Summer Olympics
Katie Ledecky makes history on Day 5 of Tokyo Olympics
Summer Olympics

Katie Ledecky makes history on Day 5 of Tokyo Olympics

Updated Jul. 28, 2021 1:26 p.m. ET

Another Olympics, another slice of history for Katie Ledecky.

The U.S. star, widely regarded as the greatest female swimmer of all time, added to her legend on Day 5 of the Olympics, winning the first-ever gold in the women's 1,500-meter freestyle. Ledecky built a big early lead in the race before holding off a late surge from fellow American Erica Sullivan, who took silver.

Ledecky now holds six career Olympic gold medals, as well as 15 world championship golds, more than any other female swimmer.


As of Wednesday afternoon ET, the U.S. has 31 total medals (11 gold, 11 silver, nine bronze), more than any other nation. China's 27 medals (12-6-9) rank second, while the Russian Olympic Committee (23, 7-10-6) and Japan (22, 13-4-5) rank third and fourth. Of note: The host nation does boast the overall lead in gold medals.

Here are the in-depth takeaways from the biggest Day 5 stories.

Team USA, Swimming

Ledecky was dominant early in the 1,500, building a huge lead in the long-distance race.

She cruised to the finish in 15:37.39, holding off a hard-charging Sullivan by a little more than four seconds (15:41.41). Germany's Sarah Kohler finished third (15:42.91). Immediately after the race, Ledecky was filled with emotion, even letting a few tears flow.

It was a rollercoaster of a day for Ledecky, who finished fifth in the 200-meter freestyle final early the day. After her triumph in the 1,500, she was humble, saying: "I think people maybe feel bad for me that I'm not winning everything and whatever, but I want people to be more concerned about other things going on in the world, people that are truly suffering. I'm just proud to bring home a gold medal to Team USA.''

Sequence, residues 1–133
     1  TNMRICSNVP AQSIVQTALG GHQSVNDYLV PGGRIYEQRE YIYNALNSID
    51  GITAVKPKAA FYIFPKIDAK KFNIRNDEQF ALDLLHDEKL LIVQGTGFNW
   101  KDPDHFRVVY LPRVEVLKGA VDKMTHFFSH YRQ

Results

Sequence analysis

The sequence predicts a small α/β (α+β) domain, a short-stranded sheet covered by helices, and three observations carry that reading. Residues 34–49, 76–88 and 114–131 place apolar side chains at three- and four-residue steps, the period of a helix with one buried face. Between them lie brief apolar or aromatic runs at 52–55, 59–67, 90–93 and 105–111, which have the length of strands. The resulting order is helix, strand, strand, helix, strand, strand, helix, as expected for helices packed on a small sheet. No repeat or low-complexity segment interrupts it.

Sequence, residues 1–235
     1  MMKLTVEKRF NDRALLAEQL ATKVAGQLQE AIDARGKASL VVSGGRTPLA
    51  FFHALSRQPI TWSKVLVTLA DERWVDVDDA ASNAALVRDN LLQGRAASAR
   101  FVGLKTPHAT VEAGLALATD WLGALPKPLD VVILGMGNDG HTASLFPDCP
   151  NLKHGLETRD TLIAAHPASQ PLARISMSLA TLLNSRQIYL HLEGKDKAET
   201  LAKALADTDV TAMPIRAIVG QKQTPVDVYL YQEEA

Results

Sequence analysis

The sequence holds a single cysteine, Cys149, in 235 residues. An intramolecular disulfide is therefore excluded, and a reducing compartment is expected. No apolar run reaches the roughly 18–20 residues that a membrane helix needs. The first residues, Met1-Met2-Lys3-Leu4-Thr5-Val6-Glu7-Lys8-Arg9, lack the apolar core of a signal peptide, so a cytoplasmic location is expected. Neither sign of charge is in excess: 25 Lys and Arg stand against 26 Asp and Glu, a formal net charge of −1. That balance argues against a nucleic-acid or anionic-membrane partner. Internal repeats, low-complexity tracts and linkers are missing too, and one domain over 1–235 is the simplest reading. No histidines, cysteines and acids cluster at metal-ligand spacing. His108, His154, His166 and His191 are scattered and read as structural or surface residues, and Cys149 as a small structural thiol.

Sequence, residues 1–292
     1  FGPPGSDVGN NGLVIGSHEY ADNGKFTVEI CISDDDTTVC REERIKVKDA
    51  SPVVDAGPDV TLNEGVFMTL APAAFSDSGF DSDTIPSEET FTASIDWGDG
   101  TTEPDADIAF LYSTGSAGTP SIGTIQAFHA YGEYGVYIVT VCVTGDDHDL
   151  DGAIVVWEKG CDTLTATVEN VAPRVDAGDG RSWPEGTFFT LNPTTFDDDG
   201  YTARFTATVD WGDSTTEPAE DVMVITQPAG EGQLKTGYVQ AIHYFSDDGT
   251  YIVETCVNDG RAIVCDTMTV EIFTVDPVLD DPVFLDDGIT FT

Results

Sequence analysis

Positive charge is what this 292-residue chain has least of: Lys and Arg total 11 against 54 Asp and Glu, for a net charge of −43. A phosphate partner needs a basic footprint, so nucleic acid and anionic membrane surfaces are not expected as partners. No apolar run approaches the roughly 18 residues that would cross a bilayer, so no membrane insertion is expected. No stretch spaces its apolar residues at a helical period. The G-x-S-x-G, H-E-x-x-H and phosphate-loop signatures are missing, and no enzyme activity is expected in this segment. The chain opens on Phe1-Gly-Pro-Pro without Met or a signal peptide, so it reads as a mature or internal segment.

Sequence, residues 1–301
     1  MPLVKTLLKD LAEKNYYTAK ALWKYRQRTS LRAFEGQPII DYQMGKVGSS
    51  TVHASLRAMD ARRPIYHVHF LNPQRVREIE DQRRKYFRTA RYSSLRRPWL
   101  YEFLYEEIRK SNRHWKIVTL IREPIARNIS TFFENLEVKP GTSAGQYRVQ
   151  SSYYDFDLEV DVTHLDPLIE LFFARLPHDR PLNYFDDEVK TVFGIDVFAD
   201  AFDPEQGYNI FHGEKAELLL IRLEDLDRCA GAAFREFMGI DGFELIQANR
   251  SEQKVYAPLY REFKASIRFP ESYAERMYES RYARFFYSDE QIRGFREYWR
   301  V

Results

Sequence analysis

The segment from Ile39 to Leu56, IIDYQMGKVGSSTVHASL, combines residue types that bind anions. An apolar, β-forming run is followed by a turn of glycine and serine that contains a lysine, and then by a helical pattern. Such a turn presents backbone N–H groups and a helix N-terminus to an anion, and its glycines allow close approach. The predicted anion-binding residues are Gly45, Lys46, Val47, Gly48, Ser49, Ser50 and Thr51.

Check out the highlights of Ledecky's win:

In addition to the medals snagged by Ledecky and Sullivan, the U.S. also grabbed a pair in the women's 200-meter individual medley, with teenagers Alex Walsh and Kate Douglass winning silver and bronze, respectively. Here are the highlights:

Team USA, Women's 3x3 Basketball

Kelsey Plum, Jacquelyn Young, Stefanie Dolson and Allisha Gray made history of their own, securing the first Olympic gold medal in 3x3 basketball. To get there, they first had to take down France in the semifinal, doing so in a tight 18-16 victory.

In the gold-medal game, Team USA came out of the gates firing, earning a 6-1 lead thanks to three early points from Kelsey Plum.

They built that lead to 12-5 with 3:53 remaining, but the ROC battled to make it a tight contest down the stretch, trimming it to 12-9 in a matter of 41 seconds.

Young snapped the U.S. out of their offensive funk with pair of clutch free throws, her only points of the game, but the ROC kept coming. Dolson made a bucket to push the score to make the score 15-11 with just over two minutes to go.

From there, it was all Dolson. She sunk a pair of free throws and hit a timely basket with 31 seconds left to give the U.S. 18 points, while the ROC made up a bit of ground but finished with a final score of 18-15.

Dolson finished the game's top scorer with seven points, and she also hauled in four offensive rebounds and five defensive rebounds. 

The new event was a huge success for Team USA's women's team. The only blemish on their record en route to the gold was a 20-18 loss in pool play against the host nation.